Muslim Brotherhood

Jordan has survived the toughest of times in the last three years enduring the stresses and strains of the regional upheavals and wars. A number of prominent commentators predicted that Jordan looked vulnerable and ready to be swept away by the Arab Spring Tsunami. More than three years later, Jordan remains a haven of stability and common sense in a mad region
The heady days of Egypt's "Arab Spring" are now a distant memory (indeed I always doubted that Egypt's revolution would very easily shake off decades of authoritarianism). Now, nothwithstanding the wishful thinking of the Egyptian tourist industry, the future looks bleak for Egypt.
Dr. Abdel Mawgud Dardery enters the café in Cricklewood wrapped up in a Manchester United scarf, with the Rabaa badge prominently pinned on his jacket. Dardery has become a nomad wandering from country to country unable to return to Egypt after his party, the Muslim Brotherhood was designated a terrorist organisation by Sisi's military junta...
It is already three years since the uprisings started in the Middle East North Africa (MENA) region. A street vendor in Tunisia
Egyptian police have arrested a team of journalists at the Cairo bureau of Al-Jazeera English, including former BBC correspondent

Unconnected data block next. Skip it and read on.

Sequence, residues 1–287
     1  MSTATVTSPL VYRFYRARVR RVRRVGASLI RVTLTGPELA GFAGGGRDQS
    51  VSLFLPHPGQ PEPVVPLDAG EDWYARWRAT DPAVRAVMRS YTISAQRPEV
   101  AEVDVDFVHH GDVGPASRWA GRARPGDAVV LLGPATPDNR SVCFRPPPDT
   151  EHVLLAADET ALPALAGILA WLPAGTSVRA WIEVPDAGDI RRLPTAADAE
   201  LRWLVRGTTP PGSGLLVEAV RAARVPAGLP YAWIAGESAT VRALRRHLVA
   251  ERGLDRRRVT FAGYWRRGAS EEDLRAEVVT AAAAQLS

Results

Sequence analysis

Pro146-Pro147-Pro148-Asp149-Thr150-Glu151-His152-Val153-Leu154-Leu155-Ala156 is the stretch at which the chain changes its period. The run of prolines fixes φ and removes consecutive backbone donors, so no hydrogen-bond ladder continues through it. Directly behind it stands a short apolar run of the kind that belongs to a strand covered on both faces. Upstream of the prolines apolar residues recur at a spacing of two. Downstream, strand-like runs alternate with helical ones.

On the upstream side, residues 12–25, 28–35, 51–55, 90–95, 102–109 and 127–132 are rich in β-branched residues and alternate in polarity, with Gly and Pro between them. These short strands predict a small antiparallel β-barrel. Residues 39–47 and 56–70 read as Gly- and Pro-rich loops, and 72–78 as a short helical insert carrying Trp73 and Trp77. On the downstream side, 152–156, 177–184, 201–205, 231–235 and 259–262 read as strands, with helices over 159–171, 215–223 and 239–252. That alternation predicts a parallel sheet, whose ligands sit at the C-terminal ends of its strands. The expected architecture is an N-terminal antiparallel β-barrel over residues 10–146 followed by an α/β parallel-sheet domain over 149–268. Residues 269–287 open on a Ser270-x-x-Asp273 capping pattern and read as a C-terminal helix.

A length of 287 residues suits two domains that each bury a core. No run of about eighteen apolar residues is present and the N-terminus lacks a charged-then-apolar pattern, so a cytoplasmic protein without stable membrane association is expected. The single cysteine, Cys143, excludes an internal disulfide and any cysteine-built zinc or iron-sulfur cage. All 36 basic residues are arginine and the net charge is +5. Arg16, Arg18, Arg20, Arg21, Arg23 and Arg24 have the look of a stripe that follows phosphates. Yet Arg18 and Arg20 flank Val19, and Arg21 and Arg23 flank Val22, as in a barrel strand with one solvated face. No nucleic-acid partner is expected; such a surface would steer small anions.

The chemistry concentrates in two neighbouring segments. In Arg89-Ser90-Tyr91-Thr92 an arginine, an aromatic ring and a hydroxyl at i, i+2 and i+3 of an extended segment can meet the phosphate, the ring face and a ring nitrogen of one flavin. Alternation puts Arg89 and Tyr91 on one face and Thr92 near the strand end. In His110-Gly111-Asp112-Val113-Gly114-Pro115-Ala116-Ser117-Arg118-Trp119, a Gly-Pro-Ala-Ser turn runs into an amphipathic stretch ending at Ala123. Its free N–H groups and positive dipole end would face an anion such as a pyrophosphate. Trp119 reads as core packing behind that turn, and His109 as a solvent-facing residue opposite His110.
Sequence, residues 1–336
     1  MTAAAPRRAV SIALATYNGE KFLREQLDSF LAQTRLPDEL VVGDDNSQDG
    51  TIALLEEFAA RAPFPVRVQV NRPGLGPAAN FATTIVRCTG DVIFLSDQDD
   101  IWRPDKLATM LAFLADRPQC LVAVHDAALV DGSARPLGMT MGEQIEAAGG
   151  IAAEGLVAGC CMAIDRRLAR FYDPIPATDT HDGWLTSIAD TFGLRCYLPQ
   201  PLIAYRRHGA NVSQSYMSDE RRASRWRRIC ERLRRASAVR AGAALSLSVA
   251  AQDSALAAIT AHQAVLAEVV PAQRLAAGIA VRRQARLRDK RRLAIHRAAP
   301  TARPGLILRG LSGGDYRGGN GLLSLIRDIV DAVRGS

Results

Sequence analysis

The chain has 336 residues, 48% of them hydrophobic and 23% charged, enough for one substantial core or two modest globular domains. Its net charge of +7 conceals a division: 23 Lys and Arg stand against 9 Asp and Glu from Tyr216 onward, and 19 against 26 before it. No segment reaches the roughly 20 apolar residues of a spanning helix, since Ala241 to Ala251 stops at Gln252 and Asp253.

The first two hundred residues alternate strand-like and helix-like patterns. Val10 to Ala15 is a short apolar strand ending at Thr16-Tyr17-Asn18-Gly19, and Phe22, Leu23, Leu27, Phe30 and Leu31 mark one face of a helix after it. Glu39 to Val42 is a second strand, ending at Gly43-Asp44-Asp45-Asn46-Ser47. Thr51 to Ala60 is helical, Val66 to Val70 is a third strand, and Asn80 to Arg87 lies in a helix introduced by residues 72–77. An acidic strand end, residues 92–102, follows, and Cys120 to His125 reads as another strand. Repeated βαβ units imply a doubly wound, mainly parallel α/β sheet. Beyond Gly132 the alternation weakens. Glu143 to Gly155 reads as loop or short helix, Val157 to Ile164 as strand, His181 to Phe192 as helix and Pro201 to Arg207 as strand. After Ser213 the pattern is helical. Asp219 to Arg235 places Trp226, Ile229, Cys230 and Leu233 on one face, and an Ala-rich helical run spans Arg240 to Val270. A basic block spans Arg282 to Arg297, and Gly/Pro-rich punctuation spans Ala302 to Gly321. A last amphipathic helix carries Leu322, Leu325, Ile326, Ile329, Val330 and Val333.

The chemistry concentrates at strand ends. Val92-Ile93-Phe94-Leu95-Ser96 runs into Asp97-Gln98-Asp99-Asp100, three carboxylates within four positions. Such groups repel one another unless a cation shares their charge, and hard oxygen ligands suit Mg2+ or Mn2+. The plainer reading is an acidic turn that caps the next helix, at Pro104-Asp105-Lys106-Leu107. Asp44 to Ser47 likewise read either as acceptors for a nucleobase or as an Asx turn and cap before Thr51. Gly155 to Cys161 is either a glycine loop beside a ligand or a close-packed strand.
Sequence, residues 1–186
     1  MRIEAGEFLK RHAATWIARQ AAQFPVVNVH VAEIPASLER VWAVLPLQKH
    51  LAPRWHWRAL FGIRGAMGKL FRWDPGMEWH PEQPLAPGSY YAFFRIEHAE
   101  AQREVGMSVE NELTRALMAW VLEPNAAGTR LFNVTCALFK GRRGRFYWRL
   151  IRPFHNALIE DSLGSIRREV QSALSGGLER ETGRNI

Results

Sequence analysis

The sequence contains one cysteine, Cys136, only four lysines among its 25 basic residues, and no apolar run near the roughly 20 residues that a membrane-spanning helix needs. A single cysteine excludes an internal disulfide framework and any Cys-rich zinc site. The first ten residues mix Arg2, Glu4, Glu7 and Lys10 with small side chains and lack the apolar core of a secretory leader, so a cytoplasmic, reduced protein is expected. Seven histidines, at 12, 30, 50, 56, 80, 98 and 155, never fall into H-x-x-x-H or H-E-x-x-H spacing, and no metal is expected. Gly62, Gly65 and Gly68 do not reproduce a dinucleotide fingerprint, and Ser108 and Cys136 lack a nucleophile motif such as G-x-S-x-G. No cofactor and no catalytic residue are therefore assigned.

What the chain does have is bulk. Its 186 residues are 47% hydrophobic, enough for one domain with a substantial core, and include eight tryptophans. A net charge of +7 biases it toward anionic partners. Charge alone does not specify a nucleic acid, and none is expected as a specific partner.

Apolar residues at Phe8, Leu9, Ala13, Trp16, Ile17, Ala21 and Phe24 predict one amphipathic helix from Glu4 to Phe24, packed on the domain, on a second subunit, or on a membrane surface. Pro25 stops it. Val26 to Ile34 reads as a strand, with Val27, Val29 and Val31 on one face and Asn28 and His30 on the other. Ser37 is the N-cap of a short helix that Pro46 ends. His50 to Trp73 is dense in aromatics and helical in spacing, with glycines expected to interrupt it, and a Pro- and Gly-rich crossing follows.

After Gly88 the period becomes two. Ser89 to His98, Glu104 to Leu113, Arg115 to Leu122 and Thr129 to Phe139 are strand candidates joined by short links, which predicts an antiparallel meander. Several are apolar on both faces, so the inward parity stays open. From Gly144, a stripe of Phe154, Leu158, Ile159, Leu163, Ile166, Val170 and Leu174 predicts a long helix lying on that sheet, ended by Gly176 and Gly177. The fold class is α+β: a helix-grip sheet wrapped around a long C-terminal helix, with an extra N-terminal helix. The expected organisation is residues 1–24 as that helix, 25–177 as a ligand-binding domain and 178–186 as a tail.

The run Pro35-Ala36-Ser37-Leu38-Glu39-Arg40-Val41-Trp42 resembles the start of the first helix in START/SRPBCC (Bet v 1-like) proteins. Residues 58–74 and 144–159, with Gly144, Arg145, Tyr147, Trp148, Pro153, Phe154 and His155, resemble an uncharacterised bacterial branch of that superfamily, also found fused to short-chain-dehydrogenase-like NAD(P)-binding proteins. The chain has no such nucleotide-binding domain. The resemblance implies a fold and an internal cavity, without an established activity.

Egypt's Muslim Brotherhood has been branded a terror group by the country's prime minister after a car bomb killed at least
Despite the brutality of the Syrian civil war, the Muslim Brotherhood has again become one of the main players on the ground, after years operating underground. I spoke with Ali Sadreddine Al-Bayanouni, the leader of the Syrian Muslim Brotherhood from 1996 to 2010.
Protesters supporting the Muslim Brotherhood stormed a lecture at a London university as a guest speaker delivered a talk
Egypt is a great country for conspiracy theories - the nuttier, the better. In relation to penises, animals or the national football team, talk of agents and conspiracies are amusing and, although genuinely believed by some, are widely shared as a joke. But when they are used to shut down debate or demonise groups of people they become more sinister and even deadly.
A jolt of excitement ran through the house as it was announced that the butcher Ahmad Najjar had arrived. Ahmad was in the El Azba area of Barat, a village on the West Bank of Luxor, Egypt, to slaughter a sheep for twenty-two year old Mohammed Sakkar's family on Eid al-Adha, one of the most important Muslim festivals of the year...